Let every soul be sub­ject to the gov­ern­ing author­i­ties. For there is no author­i­ty except from God, and the author­i­ties that exist are appoint­ed by God. There­fore who­ev­er resists the author­i­ty resists the ordi­nance of God, and those who resist will bring judg­ment on them­selves. For rulers are not a ter­ror to good works, but to evil. Do you want to be unafraid of the author­i­ty? Do what is good, and you will have praise from the same. For he is God’s min­is­ter to you for good. But if you do evil, be afraid; for he does not bear the sword in vain; for he is God’s min­is­ter, an avenger to exe­cute wrath on him who prac­tices evil. There­fore you must be sub­ject, not only because of wrath but also for con­science sake. For because of this you also pay tax­es, for they are God’s min­is­ters attend­ing con­tin­u­al­ly to this very thing. Ren­der there­fore to all their due: tax­es to whom tax­es are due, cus­toms to whom cus­toms, fear to whom fear, hon­or to whom hon­or. (NKJV)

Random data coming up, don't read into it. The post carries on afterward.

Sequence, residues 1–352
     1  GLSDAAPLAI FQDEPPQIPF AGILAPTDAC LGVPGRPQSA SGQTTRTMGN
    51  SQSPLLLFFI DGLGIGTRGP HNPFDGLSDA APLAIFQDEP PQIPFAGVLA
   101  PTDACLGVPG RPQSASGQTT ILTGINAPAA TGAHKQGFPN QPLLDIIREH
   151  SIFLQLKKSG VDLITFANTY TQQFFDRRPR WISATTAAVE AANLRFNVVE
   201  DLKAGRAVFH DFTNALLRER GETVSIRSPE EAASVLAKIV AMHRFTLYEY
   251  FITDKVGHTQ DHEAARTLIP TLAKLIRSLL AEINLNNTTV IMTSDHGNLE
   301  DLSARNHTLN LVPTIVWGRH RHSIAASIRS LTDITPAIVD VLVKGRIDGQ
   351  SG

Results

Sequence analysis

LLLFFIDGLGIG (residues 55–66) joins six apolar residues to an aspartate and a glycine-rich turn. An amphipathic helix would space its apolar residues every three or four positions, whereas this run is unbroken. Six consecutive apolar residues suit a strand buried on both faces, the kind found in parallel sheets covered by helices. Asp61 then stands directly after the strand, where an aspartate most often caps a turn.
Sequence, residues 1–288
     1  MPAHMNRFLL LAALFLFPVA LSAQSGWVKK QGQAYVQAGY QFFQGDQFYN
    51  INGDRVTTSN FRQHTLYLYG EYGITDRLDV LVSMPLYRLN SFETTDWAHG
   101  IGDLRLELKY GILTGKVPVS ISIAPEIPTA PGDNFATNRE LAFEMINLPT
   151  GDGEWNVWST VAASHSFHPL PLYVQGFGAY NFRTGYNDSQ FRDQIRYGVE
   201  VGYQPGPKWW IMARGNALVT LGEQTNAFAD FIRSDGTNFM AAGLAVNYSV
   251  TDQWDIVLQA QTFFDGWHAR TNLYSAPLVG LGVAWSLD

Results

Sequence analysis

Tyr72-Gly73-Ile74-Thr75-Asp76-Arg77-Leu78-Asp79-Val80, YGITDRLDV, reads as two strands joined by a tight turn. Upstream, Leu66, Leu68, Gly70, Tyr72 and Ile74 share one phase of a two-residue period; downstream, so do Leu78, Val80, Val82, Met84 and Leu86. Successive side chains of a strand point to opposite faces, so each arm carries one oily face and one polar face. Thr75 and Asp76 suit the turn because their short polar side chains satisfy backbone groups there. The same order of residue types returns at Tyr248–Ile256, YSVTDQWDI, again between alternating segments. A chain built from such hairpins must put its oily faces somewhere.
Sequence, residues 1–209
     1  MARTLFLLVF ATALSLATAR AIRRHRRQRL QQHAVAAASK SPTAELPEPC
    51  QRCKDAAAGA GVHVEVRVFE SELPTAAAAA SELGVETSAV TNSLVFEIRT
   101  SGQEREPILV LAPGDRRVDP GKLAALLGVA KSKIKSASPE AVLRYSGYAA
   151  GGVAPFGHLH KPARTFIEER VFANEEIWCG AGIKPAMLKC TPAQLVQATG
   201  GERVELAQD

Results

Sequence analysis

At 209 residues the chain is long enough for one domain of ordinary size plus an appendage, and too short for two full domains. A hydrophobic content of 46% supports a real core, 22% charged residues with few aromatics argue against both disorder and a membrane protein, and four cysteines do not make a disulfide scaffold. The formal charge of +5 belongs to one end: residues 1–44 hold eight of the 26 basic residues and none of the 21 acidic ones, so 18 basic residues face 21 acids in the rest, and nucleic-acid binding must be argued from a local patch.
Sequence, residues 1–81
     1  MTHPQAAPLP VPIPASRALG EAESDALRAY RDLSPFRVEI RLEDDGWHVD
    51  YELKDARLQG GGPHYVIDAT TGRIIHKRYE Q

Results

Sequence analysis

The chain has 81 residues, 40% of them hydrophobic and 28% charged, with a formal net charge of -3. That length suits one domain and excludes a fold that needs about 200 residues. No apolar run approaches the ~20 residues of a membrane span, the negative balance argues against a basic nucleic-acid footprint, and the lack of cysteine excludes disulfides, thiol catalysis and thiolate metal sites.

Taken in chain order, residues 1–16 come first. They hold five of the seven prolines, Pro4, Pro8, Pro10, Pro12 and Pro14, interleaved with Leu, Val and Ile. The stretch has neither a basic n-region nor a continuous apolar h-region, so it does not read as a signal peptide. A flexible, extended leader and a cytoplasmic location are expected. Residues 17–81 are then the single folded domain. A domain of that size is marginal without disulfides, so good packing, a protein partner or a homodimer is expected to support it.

5. Jeff Adams writes:

    If one were to accept the argu­ment that Scrip­ture demands unques­tion­ing sub­mis­sion to the state, how could any­one fault those who obeyed orders to car­ry out atroc­i­ties (such as fol­low­ing bru­tal orders from Hitler, Stal­in, Mao, etc.)? From a world­ly per­spec­tive, the Nurem­burg tri­als refute the idea of total sub­mis­sion to the state, and reject the con­cept of ‘I was just fol­low­ing orders.’ In truth, as Chris­tians we are called to fol­low God­ly gov­ern­ment as long as it is just that: God­ly, and does­n’t run counter to the laws of God. If a gov­ern­ment starts to act in ways that put a believ­er in con­flict between what God calls us to do and what the gov­ern­ment calls us to do, then a believ­er has to sub­mit to the Supreme author­i­ty rather than to the flawed earth­ly author­i­ty of a man-made government.

    Enter the Puri­tans, and oth­er “fac­tions”, which helped bring this coun­try into exis­tence in Jamestown and Boston.

    Adam goes on to say: